The Washington State Liquor and Cannabis Board (WSLCB) Integrator Work Session convenes agency technical staff and third-party software providers which interface with the State's cannabis supply chain traceability system, Leaf Data Systems by vendor MJ Freeway, an Akerna company. MJ Freeway representatives are sometimes present on the calls.
WSLCB's Chief Information Officer went over the “API Key Reset” security incident with integrators, though new information was limited.
Here are some observations from the June 21st Washington State Liquor and Cannabis Board (WSLCB) Integrator Work Session.
My top takeaway:
- WSLCB CIO Mary Mueller addressed the “API Key Reset” incident. While still restricted from speaking plainly by policy of the Washington State Office of the Chief Information Officer, CIO Mueller shared new information about the computer security incident (transcript, audio).
- CIO Mueller stated, “…we had started to get questions from one or more integrators last week that data was being deleted through the API” using active licensee API keys in an unauthorized way. CIO Mueller added, “To date there is no evidence that the systems themselves were compromised,” a statement which seemed to be inclusive of third-party integrator systems. Increasingly, it sounds like some subset of licensee API keys were acquired by unknown means (possibly a prior computer security breach) and an unauthorized system accessed MJ Freeway Leaf via its API.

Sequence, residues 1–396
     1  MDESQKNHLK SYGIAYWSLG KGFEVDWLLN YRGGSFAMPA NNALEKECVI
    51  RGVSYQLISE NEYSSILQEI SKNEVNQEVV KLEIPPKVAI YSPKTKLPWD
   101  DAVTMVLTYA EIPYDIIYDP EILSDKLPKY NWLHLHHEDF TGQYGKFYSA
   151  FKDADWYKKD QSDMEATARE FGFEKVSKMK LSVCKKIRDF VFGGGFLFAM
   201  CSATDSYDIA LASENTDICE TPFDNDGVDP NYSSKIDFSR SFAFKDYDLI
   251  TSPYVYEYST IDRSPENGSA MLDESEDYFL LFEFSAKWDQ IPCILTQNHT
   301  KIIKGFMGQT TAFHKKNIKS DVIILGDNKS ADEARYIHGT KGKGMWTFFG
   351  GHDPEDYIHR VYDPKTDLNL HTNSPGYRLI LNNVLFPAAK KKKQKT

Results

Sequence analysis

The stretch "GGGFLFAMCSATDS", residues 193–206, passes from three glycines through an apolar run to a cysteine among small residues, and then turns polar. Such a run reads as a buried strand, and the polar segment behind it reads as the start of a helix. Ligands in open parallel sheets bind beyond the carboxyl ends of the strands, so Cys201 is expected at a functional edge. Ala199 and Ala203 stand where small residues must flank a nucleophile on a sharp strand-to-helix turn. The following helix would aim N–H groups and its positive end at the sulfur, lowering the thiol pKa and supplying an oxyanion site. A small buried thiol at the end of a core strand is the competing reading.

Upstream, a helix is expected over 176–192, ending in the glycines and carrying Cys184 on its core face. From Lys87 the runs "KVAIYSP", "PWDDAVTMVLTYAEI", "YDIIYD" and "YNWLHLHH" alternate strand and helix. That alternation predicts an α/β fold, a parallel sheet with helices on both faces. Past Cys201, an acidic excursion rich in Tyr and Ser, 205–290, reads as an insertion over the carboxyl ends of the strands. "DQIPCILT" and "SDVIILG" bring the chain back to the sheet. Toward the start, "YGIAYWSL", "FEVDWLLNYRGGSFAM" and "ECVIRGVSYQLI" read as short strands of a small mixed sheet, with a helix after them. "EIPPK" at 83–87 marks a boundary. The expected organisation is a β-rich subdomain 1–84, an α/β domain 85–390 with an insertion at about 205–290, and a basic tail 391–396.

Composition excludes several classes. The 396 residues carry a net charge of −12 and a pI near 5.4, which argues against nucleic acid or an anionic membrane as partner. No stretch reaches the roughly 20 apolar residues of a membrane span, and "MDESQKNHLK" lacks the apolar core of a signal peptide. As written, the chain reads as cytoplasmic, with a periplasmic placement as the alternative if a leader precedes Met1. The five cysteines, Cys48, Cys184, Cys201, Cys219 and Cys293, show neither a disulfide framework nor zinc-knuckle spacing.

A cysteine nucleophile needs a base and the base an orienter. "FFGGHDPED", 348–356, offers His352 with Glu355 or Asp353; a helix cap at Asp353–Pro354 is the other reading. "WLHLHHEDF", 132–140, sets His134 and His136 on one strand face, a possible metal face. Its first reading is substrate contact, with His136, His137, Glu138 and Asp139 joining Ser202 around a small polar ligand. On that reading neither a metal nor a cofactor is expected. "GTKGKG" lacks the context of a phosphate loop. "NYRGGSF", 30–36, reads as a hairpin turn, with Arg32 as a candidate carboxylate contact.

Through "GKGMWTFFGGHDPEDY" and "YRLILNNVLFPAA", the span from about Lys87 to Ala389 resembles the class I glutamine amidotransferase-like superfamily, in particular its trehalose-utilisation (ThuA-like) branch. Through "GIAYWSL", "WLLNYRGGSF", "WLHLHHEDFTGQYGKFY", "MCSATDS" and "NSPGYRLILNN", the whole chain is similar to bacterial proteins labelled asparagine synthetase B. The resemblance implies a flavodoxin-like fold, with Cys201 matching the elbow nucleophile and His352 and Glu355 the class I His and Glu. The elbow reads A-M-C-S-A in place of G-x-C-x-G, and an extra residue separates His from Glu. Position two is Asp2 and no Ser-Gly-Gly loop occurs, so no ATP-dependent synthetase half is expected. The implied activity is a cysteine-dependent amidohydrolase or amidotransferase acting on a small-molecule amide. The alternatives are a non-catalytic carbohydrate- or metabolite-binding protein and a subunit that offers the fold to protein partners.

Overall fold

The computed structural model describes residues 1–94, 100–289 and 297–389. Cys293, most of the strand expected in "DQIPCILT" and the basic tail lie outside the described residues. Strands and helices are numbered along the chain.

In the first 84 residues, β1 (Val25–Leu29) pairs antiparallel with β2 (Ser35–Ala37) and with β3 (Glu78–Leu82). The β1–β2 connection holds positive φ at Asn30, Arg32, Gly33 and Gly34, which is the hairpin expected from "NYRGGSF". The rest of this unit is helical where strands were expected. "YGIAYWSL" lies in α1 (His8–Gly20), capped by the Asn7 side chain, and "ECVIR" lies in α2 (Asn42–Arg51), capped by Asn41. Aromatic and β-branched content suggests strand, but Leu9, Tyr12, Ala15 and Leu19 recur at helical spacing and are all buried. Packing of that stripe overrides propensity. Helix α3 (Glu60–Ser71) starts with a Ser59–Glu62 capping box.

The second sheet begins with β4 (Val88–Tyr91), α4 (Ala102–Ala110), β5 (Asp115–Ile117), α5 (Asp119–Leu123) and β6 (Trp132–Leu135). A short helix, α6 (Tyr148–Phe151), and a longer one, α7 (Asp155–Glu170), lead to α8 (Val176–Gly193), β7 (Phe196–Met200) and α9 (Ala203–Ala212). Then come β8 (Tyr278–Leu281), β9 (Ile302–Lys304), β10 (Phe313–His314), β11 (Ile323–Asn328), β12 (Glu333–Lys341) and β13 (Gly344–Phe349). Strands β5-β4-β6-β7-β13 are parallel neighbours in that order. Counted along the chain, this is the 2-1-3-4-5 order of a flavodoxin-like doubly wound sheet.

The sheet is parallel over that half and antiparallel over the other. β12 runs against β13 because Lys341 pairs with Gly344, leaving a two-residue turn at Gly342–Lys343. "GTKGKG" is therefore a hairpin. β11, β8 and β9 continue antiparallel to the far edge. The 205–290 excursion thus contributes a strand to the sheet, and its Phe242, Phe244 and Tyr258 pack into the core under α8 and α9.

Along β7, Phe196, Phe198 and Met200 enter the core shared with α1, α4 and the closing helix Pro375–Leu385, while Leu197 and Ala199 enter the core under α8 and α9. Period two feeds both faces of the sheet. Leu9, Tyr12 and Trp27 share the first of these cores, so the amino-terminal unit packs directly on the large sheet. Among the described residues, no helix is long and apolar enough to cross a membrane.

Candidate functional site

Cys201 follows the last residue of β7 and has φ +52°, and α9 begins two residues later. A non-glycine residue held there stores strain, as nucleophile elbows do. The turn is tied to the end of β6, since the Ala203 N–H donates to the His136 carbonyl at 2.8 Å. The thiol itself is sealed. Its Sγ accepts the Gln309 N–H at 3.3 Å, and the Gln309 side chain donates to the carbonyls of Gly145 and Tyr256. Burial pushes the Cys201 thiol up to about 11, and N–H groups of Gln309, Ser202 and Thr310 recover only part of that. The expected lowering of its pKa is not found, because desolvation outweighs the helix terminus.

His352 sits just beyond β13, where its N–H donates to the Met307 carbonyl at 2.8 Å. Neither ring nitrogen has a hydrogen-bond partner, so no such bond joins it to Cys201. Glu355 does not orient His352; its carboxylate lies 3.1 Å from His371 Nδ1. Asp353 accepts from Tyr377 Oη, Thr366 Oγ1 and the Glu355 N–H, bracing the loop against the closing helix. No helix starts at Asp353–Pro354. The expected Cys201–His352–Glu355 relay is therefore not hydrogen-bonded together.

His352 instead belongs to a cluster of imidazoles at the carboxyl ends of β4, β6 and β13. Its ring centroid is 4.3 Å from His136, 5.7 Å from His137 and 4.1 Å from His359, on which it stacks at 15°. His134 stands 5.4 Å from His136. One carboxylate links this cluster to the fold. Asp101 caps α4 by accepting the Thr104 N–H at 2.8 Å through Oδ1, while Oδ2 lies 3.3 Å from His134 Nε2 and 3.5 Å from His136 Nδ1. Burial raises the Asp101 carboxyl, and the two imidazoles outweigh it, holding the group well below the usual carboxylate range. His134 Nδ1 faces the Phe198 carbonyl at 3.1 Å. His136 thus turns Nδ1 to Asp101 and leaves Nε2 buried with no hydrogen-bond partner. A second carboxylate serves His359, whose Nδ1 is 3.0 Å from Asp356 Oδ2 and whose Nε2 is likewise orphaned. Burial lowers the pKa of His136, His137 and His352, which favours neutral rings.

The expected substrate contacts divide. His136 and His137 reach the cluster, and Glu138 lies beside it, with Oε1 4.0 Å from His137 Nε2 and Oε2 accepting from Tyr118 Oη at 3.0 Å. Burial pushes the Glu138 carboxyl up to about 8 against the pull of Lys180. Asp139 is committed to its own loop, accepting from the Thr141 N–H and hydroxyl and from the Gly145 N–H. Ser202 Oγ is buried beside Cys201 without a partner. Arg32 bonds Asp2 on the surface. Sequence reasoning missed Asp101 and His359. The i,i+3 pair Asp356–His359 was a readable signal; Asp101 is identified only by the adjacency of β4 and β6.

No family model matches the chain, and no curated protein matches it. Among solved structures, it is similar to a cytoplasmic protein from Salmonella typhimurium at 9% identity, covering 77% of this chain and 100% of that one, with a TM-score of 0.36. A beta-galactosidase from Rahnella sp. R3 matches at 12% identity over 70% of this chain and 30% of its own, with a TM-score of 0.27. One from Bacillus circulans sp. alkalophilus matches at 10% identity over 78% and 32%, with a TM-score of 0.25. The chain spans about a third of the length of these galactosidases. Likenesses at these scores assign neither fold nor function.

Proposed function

- WSLCB intends to implement a computer security best practice of requiring licensee API key resets every 90 days. Integrators will be assigned API keys to be used in conjunction with licensee API keys to ensure only authorized third-parties can access MJ Freeway Leaf. And MJ Freeway is contractually required to migrate the Leaf system to a more robust OAuth authentication and access control paradigm as a condition of product acceptance.
- Communication about the computer security incident was difficult for all parties, and CIO Mueller stated WSLCB has created new communication protocols as a result. She hinted about subtexts of future communications:
…moving forward, if we ask for a non-scheduled API key reset, um, just assume that it’s security-related. …if it’s our system that impacts your licensees you will know that it’s something with our system and I will say “it’s something with our system but I can’t discuss it.” And if I’m not talkin about that, that means that it’s something in an integrated solution or related to a compromise of API keys that is getting in from outside of one of the known integrators.